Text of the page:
get half of it—but it’s beautiful, isn’t it—and oddly written.” Thus a pencil note at the very end of a first edition of B&C I was reading. Also, I didn’t think that I “got half of it,” and for some reason I couldn’t remember how the book ended. I wondered what I would get out of it now. What I got out of it this time around was very much colored by the fact that I had just finished reading Newman’s The Patristical Idea of Antichrist written in 1872.16 Chesterton’s novel struck me now as being about the Antichrist; or, at least, Professor Lucifer as the spirit of the Antichrist. An awareness of, and belief in, the coming of the Antichrist is an aspect of the Church’s understanding of Satan’s activity in the end times. The turn of the 20th century inspired at least two important works about the Antichrist. Vladimir Soloviov (1853-1900), considered by many to be the greatest Russian religious thinker of all time, wrote his famous Three Conversations in 1900, just a few months before he died. It contains his story of the Antichrist.17 Robert Hugh Benson’s The Lord of the World (1907) was the other apocalyptic novel of the time.18 We do know that Chesterton read this book. In The Thing he wrote: “[Civilization] will sooner or later try to supply the need of something like a Papacy; even if it tries to do it on its own account. That will be indeed an ironical situation. The modern world will have to set up a new anti-Pope, even if, as in Monsignor Benson’s romance, the Anti-Pope has rather the character of an Antichrist.”19 What is remarkable (as we shall see) is the similarity in the understanding of the Antichrist/Satan in these three works. At the end of his treatise Newman quotes favorably from a certain Bishop Horsley who wrote, in 1834: The Church of God on earth will be greatly reduced, as we may well imagine, in its apparent numbers, in the times of Antichrist, by the open desertion of the powers of the world. This desertion will begin in a professed indifference to any particular form of Christianity, under the pretense of universal toleration; which toleration will proceed from no true spirit of charity and forbearance, but from a design to undermine Christianity, by multiplying and encouraging sectaries. For governments will pretend an indifference to all, and will give a protection in preference to none.20 This is an accurate and prescient description of the character and method of the Antichrist in all three works we will be considering: the Antichrist, benignly and paternalistically, pats all religions and sects on the head, asking them all to get along nicely with one another: “All religions are good, respected, and tolerated. Just don’t get into any arguments about ‘dogmas’ because there is no truth or substance behind such doctrines. Actually, there are no absolute truths at all, so why argue about them. Just be respectful to one another and we’ll all get along fine.” I believe B&C is Chesterton’s vision of this benign and relativistic attitude of the Antichrist/Professor Lucifer who will proclaim that since there are no absolute truths, there is no rationale for fighting over ideas, much less fighting a duel. B&C is a long story containing many of the lies Chesterton fought all his life. He is one of the great chivalrous white knights fighting the lies against the gospel in the battlefield of the mind. The beginning of our first parents’ downfall was entertaining a doubt about God’s command: “Did God really say you must not eat…?” Throwing such questions at us, making us doubt God’s veracity and trustworthiness, is one of the devil’s tactics. The next step was accepting a falsehood in their minds, an idea contrary to our loving Father’s command: “You will not die. For God knows that…”21 Satan suggested that God was not to be trusted, that he was playing games. The acceptance of that terrible falsehood led to the disobedient act. At the heart of the battle, for Chesterton, is refuting lies that cause all human tragedies, since the acceptance of a lie was at the heart of the original catastrophe. As mentioned at the beginning of this chapter, in the theology of the Fathers and in Catholic theology generally, the Antichrist is not Satan but someone completely under his influence; perhaps someone really possessed. For my purposes it’s inconsequential whether Professor Lucifer is Satan or the Antichrist; they are interchangeable as far as their purpose and methods are concerned. I will simply equate Professor Lucifer with Benson’s Lord of the World and Soloviov’s Julian Felsenburgh so I can compare the three works together as fin de siecle literature. All three are incarnations of the father of lies against whom Chesterton was battling. The three stories are similar as being apocalyptic literature. Dale Ahlquist wrote: Exactly 35 years after Chesterton died the Archbishop of Venice wrote him a letter. He wanted to express his grateful agreement with the profound truths conveyed in Chesterton’s novel, The Ball and the Cross, particularly the idea that when people set out to destroy the cross, they end up destroying everything else, and doing it in the name of ‘rationalism.’ Chesterton never wrote back to Archbishop Albino Luciani, but we can speculate that they had an illuminating discussion on the matter when they presumably met just seven years later, when Luciani entered eternity after a mere 33 days as Pope John Paul I.22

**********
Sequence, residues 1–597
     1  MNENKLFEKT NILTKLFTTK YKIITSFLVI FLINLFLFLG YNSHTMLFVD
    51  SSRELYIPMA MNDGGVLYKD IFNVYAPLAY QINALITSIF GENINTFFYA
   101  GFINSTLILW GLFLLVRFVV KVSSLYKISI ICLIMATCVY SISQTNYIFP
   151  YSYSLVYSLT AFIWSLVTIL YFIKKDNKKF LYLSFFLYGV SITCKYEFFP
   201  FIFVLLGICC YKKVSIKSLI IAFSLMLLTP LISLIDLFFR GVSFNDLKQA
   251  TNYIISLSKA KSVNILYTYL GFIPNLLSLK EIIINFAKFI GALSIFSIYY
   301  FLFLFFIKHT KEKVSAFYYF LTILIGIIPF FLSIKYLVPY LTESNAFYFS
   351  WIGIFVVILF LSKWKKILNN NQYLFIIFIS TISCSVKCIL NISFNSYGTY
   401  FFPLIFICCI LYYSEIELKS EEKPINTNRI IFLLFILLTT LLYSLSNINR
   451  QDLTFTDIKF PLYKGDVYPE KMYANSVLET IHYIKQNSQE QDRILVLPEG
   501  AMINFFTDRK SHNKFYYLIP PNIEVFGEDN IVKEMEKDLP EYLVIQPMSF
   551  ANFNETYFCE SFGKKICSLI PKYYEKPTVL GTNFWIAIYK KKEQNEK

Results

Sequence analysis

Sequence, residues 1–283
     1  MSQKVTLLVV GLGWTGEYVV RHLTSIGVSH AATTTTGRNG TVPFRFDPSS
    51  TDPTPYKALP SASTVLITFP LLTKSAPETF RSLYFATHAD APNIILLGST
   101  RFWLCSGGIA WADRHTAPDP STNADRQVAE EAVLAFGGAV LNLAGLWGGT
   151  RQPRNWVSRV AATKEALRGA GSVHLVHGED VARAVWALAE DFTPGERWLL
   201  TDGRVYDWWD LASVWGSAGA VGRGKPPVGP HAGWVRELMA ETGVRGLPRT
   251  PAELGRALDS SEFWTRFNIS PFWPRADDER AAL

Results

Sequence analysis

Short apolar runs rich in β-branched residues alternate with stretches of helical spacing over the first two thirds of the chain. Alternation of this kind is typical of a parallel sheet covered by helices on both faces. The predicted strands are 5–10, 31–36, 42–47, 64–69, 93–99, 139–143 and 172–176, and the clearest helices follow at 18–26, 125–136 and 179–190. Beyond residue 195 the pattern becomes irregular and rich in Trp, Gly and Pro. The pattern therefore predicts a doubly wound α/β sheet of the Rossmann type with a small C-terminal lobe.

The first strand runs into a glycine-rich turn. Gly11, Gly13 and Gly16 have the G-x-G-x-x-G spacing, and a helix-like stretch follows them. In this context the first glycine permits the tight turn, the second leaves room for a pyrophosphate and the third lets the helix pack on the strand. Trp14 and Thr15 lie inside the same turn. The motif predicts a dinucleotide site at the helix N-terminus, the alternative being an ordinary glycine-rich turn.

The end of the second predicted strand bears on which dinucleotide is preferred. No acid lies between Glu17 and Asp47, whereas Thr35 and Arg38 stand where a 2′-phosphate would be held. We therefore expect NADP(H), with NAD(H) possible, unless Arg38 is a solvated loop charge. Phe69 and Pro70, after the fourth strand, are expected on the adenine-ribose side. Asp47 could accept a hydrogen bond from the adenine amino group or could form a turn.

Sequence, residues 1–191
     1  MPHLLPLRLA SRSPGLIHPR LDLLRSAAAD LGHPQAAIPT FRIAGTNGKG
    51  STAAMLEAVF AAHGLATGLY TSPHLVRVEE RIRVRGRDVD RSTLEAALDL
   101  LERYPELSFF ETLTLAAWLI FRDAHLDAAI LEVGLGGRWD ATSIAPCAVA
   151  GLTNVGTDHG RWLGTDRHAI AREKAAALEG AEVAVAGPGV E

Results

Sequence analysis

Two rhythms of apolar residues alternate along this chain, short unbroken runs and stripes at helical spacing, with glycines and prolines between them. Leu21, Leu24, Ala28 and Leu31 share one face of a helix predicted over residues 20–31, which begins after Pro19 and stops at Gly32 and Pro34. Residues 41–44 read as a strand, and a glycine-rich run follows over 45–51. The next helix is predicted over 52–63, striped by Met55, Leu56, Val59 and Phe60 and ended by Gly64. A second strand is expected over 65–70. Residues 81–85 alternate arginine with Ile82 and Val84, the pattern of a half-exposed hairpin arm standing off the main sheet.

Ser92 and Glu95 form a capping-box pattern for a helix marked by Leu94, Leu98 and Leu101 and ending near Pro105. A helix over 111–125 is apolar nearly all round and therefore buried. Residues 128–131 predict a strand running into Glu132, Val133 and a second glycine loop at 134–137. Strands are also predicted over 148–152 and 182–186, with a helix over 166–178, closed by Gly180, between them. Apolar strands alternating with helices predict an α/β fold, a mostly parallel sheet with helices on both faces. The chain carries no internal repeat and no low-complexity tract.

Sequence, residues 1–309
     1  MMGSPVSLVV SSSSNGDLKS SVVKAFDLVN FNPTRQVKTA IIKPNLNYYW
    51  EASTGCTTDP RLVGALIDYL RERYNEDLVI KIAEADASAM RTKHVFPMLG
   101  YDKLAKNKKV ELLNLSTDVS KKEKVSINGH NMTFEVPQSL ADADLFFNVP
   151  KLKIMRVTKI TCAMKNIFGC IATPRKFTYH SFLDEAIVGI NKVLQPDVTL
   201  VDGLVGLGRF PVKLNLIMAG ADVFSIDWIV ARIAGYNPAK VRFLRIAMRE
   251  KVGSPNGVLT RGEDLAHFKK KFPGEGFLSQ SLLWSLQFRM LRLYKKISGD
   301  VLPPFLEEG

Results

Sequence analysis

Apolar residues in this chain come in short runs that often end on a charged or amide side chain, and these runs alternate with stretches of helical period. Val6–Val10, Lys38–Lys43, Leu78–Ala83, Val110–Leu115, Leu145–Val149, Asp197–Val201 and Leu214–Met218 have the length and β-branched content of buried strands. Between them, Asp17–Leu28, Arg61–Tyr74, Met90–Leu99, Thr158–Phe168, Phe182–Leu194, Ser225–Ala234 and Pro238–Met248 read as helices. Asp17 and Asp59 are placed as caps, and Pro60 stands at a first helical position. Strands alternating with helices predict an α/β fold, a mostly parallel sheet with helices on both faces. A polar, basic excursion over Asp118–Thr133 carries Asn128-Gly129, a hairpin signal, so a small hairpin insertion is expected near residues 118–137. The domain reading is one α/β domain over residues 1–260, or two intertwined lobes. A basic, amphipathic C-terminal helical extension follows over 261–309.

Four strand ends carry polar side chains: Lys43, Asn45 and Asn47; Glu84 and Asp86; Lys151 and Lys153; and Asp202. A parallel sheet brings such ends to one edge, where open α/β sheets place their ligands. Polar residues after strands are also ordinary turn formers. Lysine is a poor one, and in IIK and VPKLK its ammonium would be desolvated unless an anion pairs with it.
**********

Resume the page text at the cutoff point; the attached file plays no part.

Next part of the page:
THE PLOT OF THE BALL AND THE CROSS The fiery Catholic MacIan smashes the office window of the newspaper The Atheist after reading therein a blasphemous statement that the Blessed Virgin Mary was just like all the other virgins of mythology, conceiving “by some profligate intercourse between God and mortal.” The editor of The Atheist—Turnbull —comes out, understandably, to see why his window was smashed. “Because it was the quickest cut to you,” says MacIan.23 “Stand up and fight you crapulous coward. You dirty lunatic stand up, will you? Have you any weapons here?” They agree to a duel because both are passionate about their ideas and believe they are worth fighting for. Hovering above the whole episode is Professor Lucifer in his spacecraft.